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Home » Anthony Dirrell scores statement knockout on Canelo vs Plant

Anthony Dirrell scores statement knockout on Canelo vs Plant

In the co-main event to Canelo vs. Plant, Flint, Michigan’s Anthony Dirrell (34-2-2, 25 KOs) scored a stunning, highlight-reel knockout of Marcos Hernandez (15-5-2, 3 KOs) just seconds into the fourth round.

Dirrell wound up and unleashed a vicious right uppercut to send Hernandez flat on his back and score the one-punch KO. Hernandez beat the 10-count, but referee Celestino Ruiz called off the fight when the clearly injured and wobbly fighter rose to his feet.

“It was a spectacular knockout,” said Dirrell. “And it was a punch we were working on. It wasn’t that wide. I used to use that punch way back when. I came up with the shot, and he never saw it coming. My brother [Andre] was yelling at me, and I said, ‘I got it.’ I saw it, and I had to take advantage of it. I had to take it away from him.”

Dirrell, the former super middleweight titleholder, successfully rebounded from the disappointing draw against Kyrone Davis in February and did so stylishly. The 37-year-old even capped off the KO with a celebratory backflip. Before that pivotal punch, Hernandez held a slight 46-40 edge in punches landed.

“I expected to stop him. I did,” continued Dirrell, who SugarHill Steward trains.”But I thought I was going to catch him with a right hand over the top, honestly.

“And I knew he thought I would throw that, so I just came up with the uppercut. I came out here and made a statement.”


Former WBC Super Bantamweight World Champion Rey Vargas (35-0, 22 KOs) showed no signs of ring rust in his first fight in over two years, cruising to a unanimous decision over Leonardo Báez (21-5, 12 KOs) in a Mexico vs. Mexico matchup in the second fight of the telecast. Two judges scored the fight a shutout, 100-90, while the third judge scored 99-91.

Fighting for the first time at 126 pounds, Vargas used his significant height and reach advantage to dictate the pace of the entire matchup. Vargas’ vicious body attack – he landed 71 body shots in the ten-round fight – broke down the much smaller and overmatched Báez, whose awkward style led to several accidental head clashes throughout the bout.

“We knew what we were in for,” said the 30-year-old Vargas. “We were prepared for a strong fighter. And we planned to outbox him. We had a lot of good exchanges, and there were moments when I stood in front of him and landed my punches. I’m more of a technical fighter and not a brawler. The plan was to fight and to box and punch without getting punched. I had to stand there and throw big punches. But that’s part of the game.”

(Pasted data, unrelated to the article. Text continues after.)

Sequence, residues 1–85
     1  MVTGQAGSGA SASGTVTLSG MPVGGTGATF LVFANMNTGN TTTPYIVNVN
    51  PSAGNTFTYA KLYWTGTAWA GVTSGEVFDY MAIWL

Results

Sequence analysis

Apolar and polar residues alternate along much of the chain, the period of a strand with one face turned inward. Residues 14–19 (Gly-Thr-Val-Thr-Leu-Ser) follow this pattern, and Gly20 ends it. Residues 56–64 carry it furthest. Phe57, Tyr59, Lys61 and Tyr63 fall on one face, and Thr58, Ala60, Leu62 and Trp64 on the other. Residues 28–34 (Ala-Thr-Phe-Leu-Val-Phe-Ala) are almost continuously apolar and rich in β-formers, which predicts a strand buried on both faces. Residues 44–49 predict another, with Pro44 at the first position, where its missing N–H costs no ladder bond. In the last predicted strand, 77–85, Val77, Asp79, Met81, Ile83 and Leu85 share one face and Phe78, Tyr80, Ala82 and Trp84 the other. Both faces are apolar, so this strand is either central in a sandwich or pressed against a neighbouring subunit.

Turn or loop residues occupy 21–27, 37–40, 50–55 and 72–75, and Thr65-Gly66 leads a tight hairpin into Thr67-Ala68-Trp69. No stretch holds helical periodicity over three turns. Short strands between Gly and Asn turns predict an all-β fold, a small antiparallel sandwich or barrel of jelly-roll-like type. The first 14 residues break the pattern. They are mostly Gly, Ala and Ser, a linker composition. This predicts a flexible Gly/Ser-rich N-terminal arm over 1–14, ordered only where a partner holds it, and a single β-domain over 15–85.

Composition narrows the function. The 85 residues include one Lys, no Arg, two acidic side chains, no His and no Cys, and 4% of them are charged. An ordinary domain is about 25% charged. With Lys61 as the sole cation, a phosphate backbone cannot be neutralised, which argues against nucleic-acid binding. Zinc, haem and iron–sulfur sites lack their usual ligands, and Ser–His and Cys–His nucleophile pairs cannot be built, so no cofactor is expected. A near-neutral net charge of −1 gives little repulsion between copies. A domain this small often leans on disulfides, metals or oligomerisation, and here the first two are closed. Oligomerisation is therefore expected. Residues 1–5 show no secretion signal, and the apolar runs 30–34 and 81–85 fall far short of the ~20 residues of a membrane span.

Already a former champion at 122 pounds, Vargas now has his sights set on becoming a two-division champion. “I was surprised he went the entire distance. He’s a good fighter, and I don’t take anything away from him. I’m looking forward to my next fight being for a world title.”


In the opening bout of the SHOWTIME PPV telecast, the hard-hitting Elvis Rodriguez (12-1-1, 11 KOs) bounced back from his first career loss in scintillating fashion, scoring a fifth-round knockout over the previously undefeated Juan Pablo Romero (14-1, 9 KOs) in a super lightweight bout scheduled for ten rounds.

The Dominican southpaw Rodríguez landed a straight left hand that sent Romero to the canvas for the second time in the fight, and the second time in his career, at 2:49 in the fifth round. Resigned to defeat, Romero sat and watched as referee Robert Hoyle reached the count of 10. Rodríguez’s powerful left hand was also responsible for flooring Romero in the fourth round.

“I am fully aware that I started slowly in the first two rounds, but then I saw signs of wear and tear on his face, and I gained the upper hand,” said the 25-year-old Rodríguez, who Hall of Famer Freddie Roach trains. “Romero is a fast starter by nature, but I’m the other way around. Then I was able to straighten out.”

After his slow start, Rodríguez out-landed Romero 47-36 in the fourth and fifth rounds. 159 of the 169 combined landed punches in the slugfest were power shots.

“I’ve got to give my opponent credit. It’s never just about you,” said the 31-year-old Romero, who represented Mexico in the 2016 Olympics. “I decided not to put my health on the line anymore to come back and fight again in the future. Tonight just wasn’t my night.

“The division already knows who I am after having seen most of my fights,” Rodríguez added. “However. I suffered a little setback, but I think that everyone knows that Elvis Rodríguez brings powerful, quality punches in each fight.”

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